For Salon, Jonathan Kalb reports on the Wuzhen Festival, a new international theater festival being launched in a canal town in Zhejiang:
In a brand new, eye-popping, $67 million, 1135-seat Grand Theater designed by the renowned Taiwanese architect Kris Yao — a massively elaborate, jarringly tilted and filigreed structure completed only three years after planning for it began — a monumental, 8-hour magnum opus by China’s premiere playwright, Stan Lai, played to spellbound crowds, with scalpers getting up to 7000 RMB ($1,166) per ticket — about a month’s salary for an average urban theatergoer. There and in three other meticulously restored traditional theaters in town, five other prestigious productions from four countries also played to sell-out crowds, and panel discussions with the artists packed the venues through the afternoons.
A quaint converted warehouse space hosted a Young Playwrights Competition in which a dozen original plays by college-age authors competed for a prize of 200,000 RMB ($33,333)!
On top of all that, the first international Wuzhen Theatre Festival also featured a carnival component, with 71 different groups and individuals performing on the streets every day. A yellow-clad Brazilian band clanged and tooted past squinting concessionaires. A raucous Chinese domestic drama played out beside a public drinking fountain. French mimes on stilts spread mysterious silent warnings at storefronts. My favorite act was a lovely lone modern dancer who whirled on steps beside the canal, teasing carp with her bare feet and mesmerizing the passing gondola-drivers.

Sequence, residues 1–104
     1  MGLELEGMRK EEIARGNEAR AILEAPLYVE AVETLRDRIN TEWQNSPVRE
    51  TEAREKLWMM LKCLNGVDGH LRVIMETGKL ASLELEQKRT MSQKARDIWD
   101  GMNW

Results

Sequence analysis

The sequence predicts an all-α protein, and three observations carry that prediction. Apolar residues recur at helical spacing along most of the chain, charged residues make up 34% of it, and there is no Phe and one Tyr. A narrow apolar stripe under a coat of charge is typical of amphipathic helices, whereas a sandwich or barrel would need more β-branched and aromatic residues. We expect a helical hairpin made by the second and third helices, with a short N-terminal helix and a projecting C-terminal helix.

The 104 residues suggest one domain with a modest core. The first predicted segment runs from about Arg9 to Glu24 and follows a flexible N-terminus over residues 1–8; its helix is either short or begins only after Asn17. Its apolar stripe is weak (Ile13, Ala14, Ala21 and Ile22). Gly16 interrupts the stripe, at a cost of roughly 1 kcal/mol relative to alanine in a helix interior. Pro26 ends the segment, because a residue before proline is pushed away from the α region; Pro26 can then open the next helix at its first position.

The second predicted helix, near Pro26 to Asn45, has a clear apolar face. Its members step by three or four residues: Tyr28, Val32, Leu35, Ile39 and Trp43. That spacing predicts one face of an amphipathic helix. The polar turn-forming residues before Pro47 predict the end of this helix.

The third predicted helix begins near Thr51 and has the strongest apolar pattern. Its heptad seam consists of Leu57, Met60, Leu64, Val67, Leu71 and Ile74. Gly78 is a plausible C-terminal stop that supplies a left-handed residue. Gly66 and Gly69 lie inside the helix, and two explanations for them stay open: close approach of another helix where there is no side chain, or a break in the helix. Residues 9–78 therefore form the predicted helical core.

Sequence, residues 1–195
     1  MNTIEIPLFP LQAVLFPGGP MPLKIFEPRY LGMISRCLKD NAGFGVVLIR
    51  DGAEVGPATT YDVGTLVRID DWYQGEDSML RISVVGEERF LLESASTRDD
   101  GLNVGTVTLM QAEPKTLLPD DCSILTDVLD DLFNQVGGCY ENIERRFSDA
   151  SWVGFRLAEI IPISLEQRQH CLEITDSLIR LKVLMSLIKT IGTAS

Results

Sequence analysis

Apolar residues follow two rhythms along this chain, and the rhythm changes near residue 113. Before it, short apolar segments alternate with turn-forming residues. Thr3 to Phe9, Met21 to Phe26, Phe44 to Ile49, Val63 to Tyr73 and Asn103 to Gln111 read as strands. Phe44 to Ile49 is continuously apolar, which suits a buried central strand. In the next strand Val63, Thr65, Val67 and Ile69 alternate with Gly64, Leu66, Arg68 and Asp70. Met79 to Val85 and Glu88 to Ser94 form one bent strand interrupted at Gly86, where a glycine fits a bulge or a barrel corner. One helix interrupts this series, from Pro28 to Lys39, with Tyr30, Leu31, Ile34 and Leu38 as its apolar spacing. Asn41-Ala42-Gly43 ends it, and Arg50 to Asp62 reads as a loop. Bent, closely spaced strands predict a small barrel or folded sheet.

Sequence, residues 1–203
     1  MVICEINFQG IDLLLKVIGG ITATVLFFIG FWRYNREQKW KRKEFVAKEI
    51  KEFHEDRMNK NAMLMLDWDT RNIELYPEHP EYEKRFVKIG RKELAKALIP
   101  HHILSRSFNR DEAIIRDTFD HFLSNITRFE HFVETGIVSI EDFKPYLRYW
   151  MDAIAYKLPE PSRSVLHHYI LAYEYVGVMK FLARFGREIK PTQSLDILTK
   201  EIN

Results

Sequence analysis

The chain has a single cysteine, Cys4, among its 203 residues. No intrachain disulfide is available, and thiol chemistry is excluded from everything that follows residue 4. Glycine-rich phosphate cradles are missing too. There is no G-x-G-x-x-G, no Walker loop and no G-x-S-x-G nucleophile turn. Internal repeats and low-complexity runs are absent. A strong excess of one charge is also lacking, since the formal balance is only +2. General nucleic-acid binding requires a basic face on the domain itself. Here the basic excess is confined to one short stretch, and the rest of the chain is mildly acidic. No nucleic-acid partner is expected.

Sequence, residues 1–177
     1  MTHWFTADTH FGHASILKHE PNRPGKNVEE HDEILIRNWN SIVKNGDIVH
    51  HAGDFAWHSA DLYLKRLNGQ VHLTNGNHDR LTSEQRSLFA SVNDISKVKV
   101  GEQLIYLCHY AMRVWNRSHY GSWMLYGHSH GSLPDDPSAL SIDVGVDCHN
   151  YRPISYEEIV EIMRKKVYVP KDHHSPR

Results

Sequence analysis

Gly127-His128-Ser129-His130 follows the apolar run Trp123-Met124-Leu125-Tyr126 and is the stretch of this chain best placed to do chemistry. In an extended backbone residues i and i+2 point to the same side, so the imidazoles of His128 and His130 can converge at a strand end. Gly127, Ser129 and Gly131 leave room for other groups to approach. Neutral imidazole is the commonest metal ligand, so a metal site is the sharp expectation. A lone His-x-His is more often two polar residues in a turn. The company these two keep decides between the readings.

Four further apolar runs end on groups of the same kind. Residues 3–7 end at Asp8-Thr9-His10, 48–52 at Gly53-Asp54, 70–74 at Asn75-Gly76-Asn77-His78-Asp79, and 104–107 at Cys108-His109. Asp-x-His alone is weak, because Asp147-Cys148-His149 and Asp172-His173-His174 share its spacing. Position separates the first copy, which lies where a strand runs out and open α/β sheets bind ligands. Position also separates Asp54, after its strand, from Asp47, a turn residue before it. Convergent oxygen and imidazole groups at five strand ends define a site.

[…] China has experimented before with international theater festivals, notably in Beijing and Shanghai over the past decade, but it has never seen anything like this enterprise — an astonishingly well-financed, instantly credible play for global recognition and artistic legitimacy. The Wuzhen Festival leaders clearly want no part of the modest, slow startups this country has been used to. Their eyes are on dynamic and established Western festivals like Avignon, Spoleto and Edinburgh, and for the first time in this fast-changing land, their aspirations can’t be dismissed. [Source]
Read more about theater in China via CDT.